Already there are pre-packaged life-style funds that can take the burden of choosing managers away from the broker. All you have to do is interview the clients to assess their risk parameters. Based on that, you choose among pre-packaged fund of funds with the underlying managers and allocation already chosen. Morningstar offers such a product, while SEI Investments, Frank Russell and Brinker International all offer pre-made funds for this purpose and customize them.
To enhance customer service firms are pushing to have brokers form teams in order to spread out responsibilities. Merrill Lynch currently has 45 percent of its advisors in teams, and Gorman says 80 percent is the ultimate goal. Legg Mason's private client head Robert Sabelhaus says that of the firm's approximately 1,300 brokers, all of the largest producers are part of teams. “We think it's the wave of the future,” says Sabelhaus.
Privately, some producers worry that the focus on teams is yet another way for firms to try to keep control of assets should one broker leave the firm; the call a client gets after someone leaves now won't be from a stranger but from another trusted advisor.
The ABCs (and CFPs)
To make the relationship work, though, it takes more resources. That's more training and better technology. It used to be that a few months of training were all that was given before firms gave greenhorns a long list and chained them to a desk next to a phone, but that's expensive and has a low success rate — the turnover rate for new brokers reached 36 percent in 2001, compared with 20 percent in 1998, according to the SIA. That's hard to swallow for a brokerage firm that spends upwards of $250,000 per trainee.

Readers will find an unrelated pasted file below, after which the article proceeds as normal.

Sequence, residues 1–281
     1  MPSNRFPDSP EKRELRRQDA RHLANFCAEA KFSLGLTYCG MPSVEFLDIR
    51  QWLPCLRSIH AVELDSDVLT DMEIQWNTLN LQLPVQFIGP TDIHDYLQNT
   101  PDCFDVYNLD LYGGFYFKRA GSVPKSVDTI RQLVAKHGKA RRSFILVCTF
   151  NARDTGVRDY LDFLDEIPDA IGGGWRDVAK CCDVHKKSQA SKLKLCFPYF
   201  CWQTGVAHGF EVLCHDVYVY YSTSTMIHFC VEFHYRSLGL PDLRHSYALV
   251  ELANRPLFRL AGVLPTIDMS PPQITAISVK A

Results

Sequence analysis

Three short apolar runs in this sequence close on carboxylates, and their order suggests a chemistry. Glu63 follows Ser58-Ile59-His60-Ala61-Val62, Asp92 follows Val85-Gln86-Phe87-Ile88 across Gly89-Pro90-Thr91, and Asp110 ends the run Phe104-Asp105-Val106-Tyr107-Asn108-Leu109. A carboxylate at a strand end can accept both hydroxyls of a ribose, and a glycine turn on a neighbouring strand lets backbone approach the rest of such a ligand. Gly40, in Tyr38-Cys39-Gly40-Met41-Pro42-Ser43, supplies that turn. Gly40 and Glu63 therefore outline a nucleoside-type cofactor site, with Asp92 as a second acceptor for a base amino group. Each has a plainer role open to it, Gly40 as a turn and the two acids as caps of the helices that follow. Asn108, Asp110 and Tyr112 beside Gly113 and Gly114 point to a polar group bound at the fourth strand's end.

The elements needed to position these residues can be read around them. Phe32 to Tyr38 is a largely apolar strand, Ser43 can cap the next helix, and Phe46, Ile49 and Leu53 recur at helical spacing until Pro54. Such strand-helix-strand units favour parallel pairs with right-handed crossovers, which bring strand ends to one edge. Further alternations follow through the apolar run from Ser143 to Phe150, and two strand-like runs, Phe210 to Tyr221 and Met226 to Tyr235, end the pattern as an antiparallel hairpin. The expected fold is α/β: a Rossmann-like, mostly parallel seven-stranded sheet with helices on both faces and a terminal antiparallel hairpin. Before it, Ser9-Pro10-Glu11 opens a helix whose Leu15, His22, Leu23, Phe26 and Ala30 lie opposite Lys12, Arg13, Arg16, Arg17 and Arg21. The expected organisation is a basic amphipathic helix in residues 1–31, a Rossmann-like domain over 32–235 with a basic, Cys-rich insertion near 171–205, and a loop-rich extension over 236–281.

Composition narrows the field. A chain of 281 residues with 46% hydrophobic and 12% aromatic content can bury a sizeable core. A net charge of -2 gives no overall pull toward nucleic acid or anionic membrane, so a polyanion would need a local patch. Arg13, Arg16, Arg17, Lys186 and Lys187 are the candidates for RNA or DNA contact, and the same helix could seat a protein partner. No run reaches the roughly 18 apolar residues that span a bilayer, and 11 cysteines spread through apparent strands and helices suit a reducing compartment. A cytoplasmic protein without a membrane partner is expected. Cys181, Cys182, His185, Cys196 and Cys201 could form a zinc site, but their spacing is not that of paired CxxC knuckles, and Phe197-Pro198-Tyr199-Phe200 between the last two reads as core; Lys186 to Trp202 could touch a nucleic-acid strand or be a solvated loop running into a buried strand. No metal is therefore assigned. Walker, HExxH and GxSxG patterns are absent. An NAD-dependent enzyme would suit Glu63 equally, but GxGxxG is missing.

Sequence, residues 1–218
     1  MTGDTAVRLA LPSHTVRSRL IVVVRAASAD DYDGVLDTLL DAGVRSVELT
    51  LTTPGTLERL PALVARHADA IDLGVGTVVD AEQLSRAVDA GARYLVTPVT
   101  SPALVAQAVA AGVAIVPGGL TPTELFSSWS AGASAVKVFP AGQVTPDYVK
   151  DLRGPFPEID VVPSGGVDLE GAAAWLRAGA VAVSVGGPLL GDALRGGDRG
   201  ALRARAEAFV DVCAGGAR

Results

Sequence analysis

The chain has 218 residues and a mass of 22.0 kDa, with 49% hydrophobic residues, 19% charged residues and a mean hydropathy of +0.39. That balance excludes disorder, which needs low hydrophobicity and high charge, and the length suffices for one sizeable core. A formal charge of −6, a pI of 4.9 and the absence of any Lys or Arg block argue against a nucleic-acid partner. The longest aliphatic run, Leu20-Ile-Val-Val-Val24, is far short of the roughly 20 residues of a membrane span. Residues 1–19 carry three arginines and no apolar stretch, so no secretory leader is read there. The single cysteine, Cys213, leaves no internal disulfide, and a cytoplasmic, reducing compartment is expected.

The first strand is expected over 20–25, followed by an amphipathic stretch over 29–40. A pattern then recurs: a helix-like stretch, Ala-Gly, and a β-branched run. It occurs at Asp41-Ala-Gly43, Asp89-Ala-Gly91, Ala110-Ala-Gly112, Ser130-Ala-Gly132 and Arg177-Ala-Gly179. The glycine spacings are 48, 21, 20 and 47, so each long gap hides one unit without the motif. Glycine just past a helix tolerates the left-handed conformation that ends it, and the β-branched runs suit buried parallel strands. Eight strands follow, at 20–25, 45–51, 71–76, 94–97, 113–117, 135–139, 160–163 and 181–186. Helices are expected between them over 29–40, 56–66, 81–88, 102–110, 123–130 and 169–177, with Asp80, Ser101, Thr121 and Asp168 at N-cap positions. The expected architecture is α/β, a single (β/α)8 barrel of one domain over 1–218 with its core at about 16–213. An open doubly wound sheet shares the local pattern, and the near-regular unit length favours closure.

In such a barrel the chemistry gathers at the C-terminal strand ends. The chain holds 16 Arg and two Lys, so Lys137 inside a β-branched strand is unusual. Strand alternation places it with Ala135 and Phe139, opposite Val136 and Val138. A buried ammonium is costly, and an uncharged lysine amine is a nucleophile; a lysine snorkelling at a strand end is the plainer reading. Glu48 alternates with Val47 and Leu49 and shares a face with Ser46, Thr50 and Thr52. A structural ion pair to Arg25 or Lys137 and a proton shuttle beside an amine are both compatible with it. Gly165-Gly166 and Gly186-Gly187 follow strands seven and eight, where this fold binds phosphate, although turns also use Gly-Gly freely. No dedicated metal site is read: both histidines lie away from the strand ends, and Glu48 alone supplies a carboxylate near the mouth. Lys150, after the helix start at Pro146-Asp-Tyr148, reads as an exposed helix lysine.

Therefore, firms are spending money to make new brokers qualified to handle questions of all types. Morgan Stanley now spends 52 percent of training costs on course work, compared with 26 percent just four years ago. Merrill's training program has been extended to five years and trainees have internal designations and a CFP after they're finished; other firms have monitoring programs, such as Prudential, which monitors new brokers for five years. The firm also has an extensive training program to help branch managers advise and supervise their charges.
“It can't just be that you've just passed the Series 7,” says Merrill's Gorman. “I've passed the Series 7, a lot of people have passed the Series 7.”